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son for that; and yet, to say the truth, reason and love keep little company together nowadays. The more the pity, that some honest neighbors will not make them friends. Nay, I can gleek upon occasion.
Tita. Thou art as wise as thou art beautiful.
Bot. Not so, neither; but if I had wit enough to get out of this wood, I have enough to serve mine own
Tita. Out of this wood do not desire to go;
The summer still doth tend upon my state,
Enter four Fairies.
1 Fai. Ready.
All. Where shall we go?
Tita. Be kind and courteous to this gentleman;
And pluck the wings from painted butterflies,
1 i. e. jest or scoff.
2 The fruit of a bramble called rubus cæsius; sometimes called also the blue-berry.
1 Fai. Hail, mortal!
2 Fai. Hail!
3 Fai. Hail!
4 Fai. Hail!
Bot. I cry your worship's mercy, heartily.-I beseech your worship's name?
Bot. I shall desire you of more acquaintance,1 good master Cobweb. If I cut my finger, I shall make bold with you.—Your name, honest gentleman ?
Bot. I pray you, commend me to mistress Squash,2 your mother, and to master Peascod, your father. Good master Peas-blossom, I shall desire you of more acquaintance too. Your name, I beseech you, sir? Mus. Mustard-seed.
Bot. Good master Mustard-seed, I know your patience3 well. That same cowardly, giant-like ox-beef hath devoured many a gentleman of your house. I promise you, your kindred hath made my eyes water ere now. I desire you more acquaintance, good master Mustard-seed.
Tita. Come, wait upon him; lead him to my bower. The moon methinks looks with a watery eye; And when she weeps, weeps every little flower, Lamenting some enforced chastity. Tie up my lover's tongue; bring him silently.
SCENE II. Another Part of the Wood.
Obe. I wonder if Titania be awaked;
Then, what it was that next came in her eye,
1 «I shall desire you of more acquaintance." This kind of phraseology
was not uncommon.
2 A squash is an immature peascod.
3 The words are spoken ironically, as it was the prevailing opinion in Shakspeare's time, that mustard excited choler.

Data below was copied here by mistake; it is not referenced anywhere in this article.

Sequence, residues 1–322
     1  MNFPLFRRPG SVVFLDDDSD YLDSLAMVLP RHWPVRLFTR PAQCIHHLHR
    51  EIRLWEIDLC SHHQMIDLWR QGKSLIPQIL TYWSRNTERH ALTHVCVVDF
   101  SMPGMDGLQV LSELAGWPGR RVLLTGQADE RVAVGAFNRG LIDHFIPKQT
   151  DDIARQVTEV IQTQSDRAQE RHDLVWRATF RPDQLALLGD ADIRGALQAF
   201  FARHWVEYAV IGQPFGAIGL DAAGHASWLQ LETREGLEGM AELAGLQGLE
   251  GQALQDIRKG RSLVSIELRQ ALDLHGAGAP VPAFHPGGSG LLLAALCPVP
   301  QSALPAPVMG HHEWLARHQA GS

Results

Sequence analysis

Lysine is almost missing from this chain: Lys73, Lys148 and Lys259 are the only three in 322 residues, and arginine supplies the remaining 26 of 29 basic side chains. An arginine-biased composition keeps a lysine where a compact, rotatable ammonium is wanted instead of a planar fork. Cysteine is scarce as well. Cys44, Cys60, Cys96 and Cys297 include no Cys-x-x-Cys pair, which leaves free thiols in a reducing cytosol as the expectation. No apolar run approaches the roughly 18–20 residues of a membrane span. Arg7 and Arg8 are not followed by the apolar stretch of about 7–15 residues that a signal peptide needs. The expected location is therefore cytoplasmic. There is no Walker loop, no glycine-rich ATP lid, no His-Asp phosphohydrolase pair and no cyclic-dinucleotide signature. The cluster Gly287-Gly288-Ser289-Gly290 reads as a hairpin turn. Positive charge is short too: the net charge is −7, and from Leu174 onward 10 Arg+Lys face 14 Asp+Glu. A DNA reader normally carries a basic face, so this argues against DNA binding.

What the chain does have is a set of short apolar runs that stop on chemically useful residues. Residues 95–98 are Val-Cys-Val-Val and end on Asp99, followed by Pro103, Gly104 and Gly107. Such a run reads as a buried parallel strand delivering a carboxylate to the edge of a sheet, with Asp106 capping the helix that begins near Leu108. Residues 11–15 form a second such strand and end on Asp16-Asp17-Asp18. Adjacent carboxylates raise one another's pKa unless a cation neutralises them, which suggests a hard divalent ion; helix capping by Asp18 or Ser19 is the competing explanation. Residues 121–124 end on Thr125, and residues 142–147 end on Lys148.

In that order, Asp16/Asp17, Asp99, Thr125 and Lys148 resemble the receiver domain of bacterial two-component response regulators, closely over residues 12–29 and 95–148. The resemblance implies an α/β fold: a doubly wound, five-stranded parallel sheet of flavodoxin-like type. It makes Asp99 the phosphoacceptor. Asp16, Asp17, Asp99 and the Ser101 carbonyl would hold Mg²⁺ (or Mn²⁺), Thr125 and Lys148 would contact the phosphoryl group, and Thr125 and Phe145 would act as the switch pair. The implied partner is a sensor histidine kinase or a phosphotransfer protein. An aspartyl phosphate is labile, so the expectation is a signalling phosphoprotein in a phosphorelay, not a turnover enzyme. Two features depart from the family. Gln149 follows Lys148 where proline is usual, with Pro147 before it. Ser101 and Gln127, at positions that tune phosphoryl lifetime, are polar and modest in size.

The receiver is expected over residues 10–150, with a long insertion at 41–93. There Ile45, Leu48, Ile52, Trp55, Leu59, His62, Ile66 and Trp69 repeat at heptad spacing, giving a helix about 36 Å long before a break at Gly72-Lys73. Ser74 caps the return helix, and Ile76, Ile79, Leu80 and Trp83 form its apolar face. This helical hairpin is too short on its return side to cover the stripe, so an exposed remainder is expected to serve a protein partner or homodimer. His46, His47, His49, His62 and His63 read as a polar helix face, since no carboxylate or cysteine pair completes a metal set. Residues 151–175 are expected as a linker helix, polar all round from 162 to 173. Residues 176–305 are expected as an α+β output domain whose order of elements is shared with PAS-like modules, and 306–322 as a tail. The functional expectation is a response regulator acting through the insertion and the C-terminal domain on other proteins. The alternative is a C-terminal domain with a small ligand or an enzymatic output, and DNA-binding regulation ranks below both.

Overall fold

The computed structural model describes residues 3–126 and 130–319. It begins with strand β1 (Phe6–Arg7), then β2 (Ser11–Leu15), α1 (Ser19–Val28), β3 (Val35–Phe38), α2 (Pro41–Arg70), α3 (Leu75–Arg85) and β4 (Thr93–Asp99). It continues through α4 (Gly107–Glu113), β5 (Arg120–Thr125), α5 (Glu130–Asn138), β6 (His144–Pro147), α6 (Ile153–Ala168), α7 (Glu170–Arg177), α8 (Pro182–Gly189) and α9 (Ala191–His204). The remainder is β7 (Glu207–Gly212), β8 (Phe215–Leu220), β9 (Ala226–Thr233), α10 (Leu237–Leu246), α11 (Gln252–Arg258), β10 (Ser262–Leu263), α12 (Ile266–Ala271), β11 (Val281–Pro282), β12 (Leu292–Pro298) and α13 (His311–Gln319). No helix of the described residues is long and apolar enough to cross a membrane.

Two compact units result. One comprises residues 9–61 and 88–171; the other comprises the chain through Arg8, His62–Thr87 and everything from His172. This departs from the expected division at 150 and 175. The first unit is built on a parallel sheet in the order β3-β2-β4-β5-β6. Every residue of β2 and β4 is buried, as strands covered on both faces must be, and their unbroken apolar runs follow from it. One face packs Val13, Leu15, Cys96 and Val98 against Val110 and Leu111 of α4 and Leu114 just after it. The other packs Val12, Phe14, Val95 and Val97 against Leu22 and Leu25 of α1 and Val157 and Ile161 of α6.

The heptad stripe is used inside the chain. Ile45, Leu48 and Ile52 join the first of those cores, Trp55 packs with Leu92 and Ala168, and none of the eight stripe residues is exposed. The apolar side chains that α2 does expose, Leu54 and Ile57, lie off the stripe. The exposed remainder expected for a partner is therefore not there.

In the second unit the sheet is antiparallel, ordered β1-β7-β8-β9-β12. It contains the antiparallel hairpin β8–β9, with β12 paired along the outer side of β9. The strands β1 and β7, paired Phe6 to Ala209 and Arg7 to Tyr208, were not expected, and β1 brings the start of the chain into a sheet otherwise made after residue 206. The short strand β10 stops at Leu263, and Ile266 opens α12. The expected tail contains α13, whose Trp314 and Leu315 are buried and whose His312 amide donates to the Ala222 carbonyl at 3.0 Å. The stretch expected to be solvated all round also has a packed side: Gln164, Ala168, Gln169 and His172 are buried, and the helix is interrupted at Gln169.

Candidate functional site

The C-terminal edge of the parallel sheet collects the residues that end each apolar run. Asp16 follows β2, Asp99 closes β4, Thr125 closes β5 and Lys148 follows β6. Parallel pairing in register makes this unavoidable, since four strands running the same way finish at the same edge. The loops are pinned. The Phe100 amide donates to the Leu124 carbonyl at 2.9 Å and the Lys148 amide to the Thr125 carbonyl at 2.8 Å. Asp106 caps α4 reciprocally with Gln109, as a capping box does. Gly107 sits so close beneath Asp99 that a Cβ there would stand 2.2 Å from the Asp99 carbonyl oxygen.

Here comes my messenger.-How now, mad spirit!
Their sense, thus weak, lost with their fears, thus
Made senseless things begin to do them wrong;
I led them on in this distracted fear,
And left sweet Pyramus translated there;
Obe. This falls out better than I could devise. But hast thou yet latched1 the Athenian's eyes With the love-juice, as I did bid thee do?
Puck. I took him sleeping,-that is finished, too,— And the Athenian woman by his side; That, when he waked, of force she must be eyed.
Enter DEMETRIUS and HERMIA.
Obe. Stand close: this is the same Athenian. Puck. This is the woman, but not this the man. Dem. O, why rebuke you him that loves you so? Lay breath so bitter on your bitter foe.
Her. Now I but chide, but I should use thee
For thou, I fear, hast given me cause to curse.
The sun was not so true unto the day,
Dem. So should the murdered look; and so should I,
Her. What's this to my Lysander? Where is he? Ah, good Demetrius, wilt thou give him me?
Dem. I had rather give his carcass to my hounds. Her. Out, dog! Out, cur! Thou driv'st me past the bounds
Of maiden's patience. Hast thou slain him, then?
O! once tell true, tell true, even for my sake.
Dem. You spend your passion on a misprised 2 mood. I am not guilty of Lysander's blood ;
Nor is he dead, for aught that I can tell.
Her. I pray thee, tell me then that he is well. Dem. An if I could, what should I get therefore? Her. A privilege, never to see me more.And from thy hated presence part I so,See me no more, whether he be dead or no.
Dem. There is no following her in this fierce vein; Here, therefore, for a while I will remain. So sorrow's heaviness doth heavier grow, For debt that bankrupt sleep doth sorrow owe; Which now, in some slight measure, it will pay, If for his tender here I make some stay. [Lies down. Obe. What hast thou done? Thou hast mistaken quite,
And laid the love-juice on some true-love's sight.
Some true-love turned, and not a false turned true.
A million fail, confounding oath on oath.
Obe. About the wood go swifter than the wind, And Helena of Athens look thou find.
All fancy-sick she is, and pale of cheer 3
1 A touch anciently signified a trick.
2 "On a misprised mood," i. e. in a mistaken manner.
3. Cheer here signifies countenance, from cera (Ital.).
4 Alluding to the ancient supposition, that every sigh was indulged at the expense of a drop of blood.